In 2004 Croton declared war on business. Not all businesses. Just businesses certain people arbitrarily decided they didn’t want here. The attack weapon was the Gateway Law. Zoning laws usually specify permitted businesses or occupations. Croton turned common practice upside down. It designated five categories of undesirable businesses that any community wanting tax revenue would have gladly welcomed. Croton’s message: “Keep out!”
This 2004 law’s ban on parking lots was probably intended to prevent competition with the Village’s own lucrative station parking lot. Other exclusions foolishly targeted existing businesses—two local automobile dealerships and their storage lots. When the owner of the Dodge dealership discovered that if a fire destroyed more than 50% of his business, it could not be rebuilt, he moved his operation to the former Kayson property.
It turned out that Croton had shot itself in the foot by becoming a business-unfriendly community. Its punitive action actually created the empty Dodge dealership. Planners now call it an eyesore, and are pushing hard to eradicate it. For five years, Croton discouraged tax-paying businesses from coming here. Advocates of the Harmon scheme would have you believe that they can magically attract tenants to new apartments and storefronts in Harmon when existing facilities there are empty.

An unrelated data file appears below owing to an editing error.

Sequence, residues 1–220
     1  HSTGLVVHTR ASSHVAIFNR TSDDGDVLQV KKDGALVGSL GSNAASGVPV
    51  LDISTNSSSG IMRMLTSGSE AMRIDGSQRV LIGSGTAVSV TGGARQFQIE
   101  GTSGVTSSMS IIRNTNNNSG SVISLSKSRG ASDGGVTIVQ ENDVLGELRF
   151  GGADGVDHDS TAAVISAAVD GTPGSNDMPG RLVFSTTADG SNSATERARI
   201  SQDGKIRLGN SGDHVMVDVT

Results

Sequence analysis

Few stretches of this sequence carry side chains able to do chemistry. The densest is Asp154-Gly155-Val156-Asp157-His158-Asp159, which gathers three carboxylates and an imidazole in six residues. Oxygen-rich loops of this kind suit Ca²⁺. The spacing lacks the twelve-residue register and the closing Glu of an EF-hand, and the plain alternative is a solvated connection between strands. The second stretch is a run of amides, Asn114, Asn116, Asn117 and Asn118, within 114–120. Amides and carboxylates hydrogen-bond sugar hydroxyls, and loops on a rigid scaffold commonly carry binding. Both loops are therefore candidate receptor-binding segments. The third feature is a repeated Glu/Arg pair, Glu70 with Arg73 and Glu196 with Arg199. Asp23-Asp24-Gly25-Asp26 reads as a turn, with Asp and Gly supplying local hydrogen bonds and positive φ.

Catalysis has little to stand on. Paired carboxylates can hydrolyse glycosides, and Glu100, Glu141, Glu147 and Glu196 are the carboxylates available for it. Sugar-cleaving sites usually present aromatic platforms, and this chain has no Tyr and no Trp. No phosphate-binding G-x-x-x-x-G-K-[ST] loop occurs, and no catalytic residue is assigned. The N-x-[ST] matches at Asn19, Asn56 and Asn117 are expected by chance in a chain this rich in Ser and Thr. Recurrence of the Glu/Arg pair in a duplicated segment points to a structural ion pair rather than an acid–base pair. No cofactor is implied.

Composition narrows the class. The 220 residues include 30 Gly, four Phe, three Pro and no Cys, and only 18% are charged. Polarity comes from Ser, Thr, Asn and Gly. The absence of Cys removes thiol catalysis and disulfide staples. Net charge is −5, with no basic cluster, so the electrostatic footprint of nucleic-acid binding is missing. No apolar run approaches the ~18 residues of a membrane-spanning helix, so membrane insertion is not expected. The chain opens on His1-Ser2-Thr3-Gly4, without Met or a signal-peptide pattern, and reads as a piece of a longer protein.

Other 2004 law prohibitions targeted businesses wanting to come to Croton. Its ban on drive-through windows was initially aimed at the Eckerd pharmacy chain. Eckerd wanted to buy the undeveloped Katz property, but the village said no to a planned drive-through window for prescription pickup. When the village attorney cautioned that it was unwise during negotiations to write a law solely directed at Eckerd, planners added fast-food restaurants to list of banned businesses as cover. Thoroughly disgusted, Eckerd decided it didn’t want to come to a community so openly hostile, and withdrew its offer for the Katz property.
As TV hucksters say, “Wait, there’s more.” Another shot in the foot. After the Eckerd deal evaporated, the owner of the Katz property sued Croton, charging that the village had, by its actions, caused the purchase to fall through. Croton settled the suit by buying the property, thus taking it off the tax rolls. Taxpayers are now the unwitting owners of a million-dollar white elephant yielding no taxes and worth less than what we paid for it. The village still doesn’t have a clue about what to do with its unintended acquisition. Such debacles are called “planning.” Meanwhile, we are being offered a snake-oil scheme that would destroy Harmon’s first and oldest building.
— Robert Scott